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In various discussions on LinkedIn Groups – in Enterprise Architecture Network (EAN) and in Enterprise-Modeling (E-M) – and in commentary on a couple of my articles, there has been disagreement about the nature and scope of the accountability held by those architecting enterprises (AEs).
The most common line of thinking which is expressed is that AEs undertake design activities and that they must be accountable for the design that they develop (and recommend). This is usually prompted by references that I might have made to the role of AE largely being one of facilitator and collaborator.
In a different discussion, there has also been debate over whether AEs should be accountable for business outcomes. This discussion has troubled me because identification and agreement on business outcomes is an intrinsic part of my approach to AE.
This article explores these issues and outlines the accountabilities that I would recommend should be applied to any AE.
Executives and managers undertake enterprise design and will always be accountable for the design of the enterprise in which they are engaged. It does not make sense to me to suggest that an AE “takes over” this accountability.
The founder of any enterprise is the initial architect of that enterprise. As they engage others in their enterprise, and delegate various responsibilities, they continue to design their enterprise and engage others in this activity. At the end of the day, the CEO will always be accountable for the architecture of the enterprise.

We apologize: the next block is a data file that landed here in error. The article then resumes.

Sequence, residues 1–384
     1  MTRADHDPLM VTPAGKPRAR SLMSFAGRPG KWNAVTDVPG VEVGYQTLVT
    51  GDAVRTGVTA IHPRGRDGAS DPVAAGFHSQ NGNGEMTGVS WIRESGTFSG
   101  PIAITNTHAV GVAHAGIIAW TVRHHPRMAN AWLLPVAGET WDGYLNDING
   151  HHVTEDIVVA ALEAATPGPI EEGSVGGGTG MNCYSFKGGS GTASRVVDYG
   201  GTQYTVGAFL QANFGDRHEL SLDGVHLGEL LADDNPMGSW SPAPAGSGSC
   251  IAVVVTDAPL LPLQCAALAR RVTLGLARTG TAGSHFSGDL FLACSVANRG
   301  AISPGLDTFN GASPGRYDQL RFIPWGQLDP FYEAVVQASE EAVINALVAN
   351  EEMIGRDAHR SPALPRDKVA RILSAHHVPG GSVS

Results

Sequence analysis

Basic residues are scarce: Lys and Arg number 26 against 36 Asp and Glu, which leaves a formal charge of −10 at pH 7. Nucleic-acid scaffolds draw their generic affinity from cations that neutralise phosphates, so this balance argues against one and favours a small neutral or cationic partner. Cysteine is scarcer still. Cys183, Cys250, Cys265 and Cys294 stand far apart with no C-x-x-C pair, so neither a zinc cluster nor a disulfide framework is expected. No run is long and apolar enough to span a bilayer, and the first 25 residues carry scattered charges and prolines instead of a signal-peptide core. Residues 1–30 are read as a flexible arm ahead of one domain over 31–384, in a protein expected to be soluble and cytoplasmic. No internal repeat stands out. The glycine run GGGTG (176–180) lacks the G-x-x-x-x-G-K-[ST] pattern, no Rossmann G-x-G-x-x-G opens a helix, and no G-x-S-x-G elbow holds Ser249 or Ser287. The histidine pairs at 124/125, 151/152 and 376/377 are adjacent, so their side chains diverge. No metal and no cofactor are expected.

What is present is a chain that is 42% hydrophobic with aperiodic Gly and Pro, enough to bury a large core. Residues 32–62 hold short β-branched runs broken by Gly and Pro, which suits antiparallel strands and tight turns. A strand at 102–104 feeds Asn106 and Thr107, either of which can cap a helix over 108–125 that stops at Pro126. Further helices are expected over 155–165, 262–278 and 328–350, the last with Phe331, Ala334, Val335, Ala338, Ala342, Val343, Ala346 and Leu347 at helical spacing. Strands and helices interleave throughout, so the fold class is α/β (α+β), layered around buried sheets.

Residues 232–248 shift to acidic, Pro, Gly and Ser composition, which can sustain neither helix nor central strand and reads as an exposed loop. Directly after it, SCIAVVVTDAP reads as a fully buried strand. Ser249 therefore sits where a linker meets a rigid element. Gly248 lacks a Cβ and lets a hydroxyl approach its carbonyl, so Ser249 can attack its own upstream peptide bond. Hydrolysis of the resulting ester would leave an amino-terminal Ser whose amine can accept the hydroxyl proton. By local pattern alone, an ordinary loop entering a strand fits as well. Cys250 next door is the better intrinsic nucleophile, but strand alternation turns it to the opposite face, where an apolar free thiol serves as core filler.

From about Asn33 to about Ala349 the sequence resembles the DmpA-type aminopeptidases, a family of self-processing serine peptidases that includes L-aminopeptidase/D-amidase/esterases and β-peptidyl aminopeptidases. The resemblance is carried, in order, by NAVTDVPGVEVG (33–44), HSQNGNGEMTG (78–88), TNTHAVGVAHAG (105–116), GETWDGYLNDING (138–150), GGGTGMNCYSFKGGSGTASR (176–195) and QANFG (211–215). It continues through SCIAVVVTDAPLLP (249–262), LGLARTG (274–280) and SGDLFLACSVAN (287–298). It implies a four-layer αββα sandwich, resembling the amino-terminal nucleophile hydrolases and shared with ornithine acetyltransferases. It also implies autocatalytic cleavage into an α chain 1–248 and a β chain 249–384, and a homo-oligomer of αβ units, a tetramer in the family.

Imagine what any CEO or Executive might think when an AE approaches them and suggests that the AE will now be accountable for enterprise design! They must wonder what sort of “upstart” would presume to know better or to take over an activity and responsibility that they would see as critical to their own role and responsibilities.
This is one of the reasons why I advocate an approach which recognises that enterprise design is a collaborative activity, to which an AE can make a contribution, but which is simply never likely to be “handed over” to another party.
The comment which first caught my attention was “we must resist tying EA to business outcomes”. Subsequent discussion brought out some different distinctions in relation to:
- accountability for business outcomes
- driving business outcomes
- delivering business outcomes
- linking to business outcomes
This seems to me to warrant some further exploration and some greater clarity about the activities and accountabilities of AEs.
Understanding the outputs and outcomes which an enterprise seeks to realise is critical to the design of the enterprise. This is intrinsic to the activity of design. If I am designing a car, I need to determine the characteristics of the cars that will be manufactured, and the intended use of the car. Comfort, safety and other factors which are important to its use will influence the design (and construction of the car). The same applies to enterprises.
One line of argument has been that business strategy determines the business outcomes. If the business strategy is poor, then the business outcomes may not be achieved, and this would reflect on the AE if they have linked their work to business outcomes.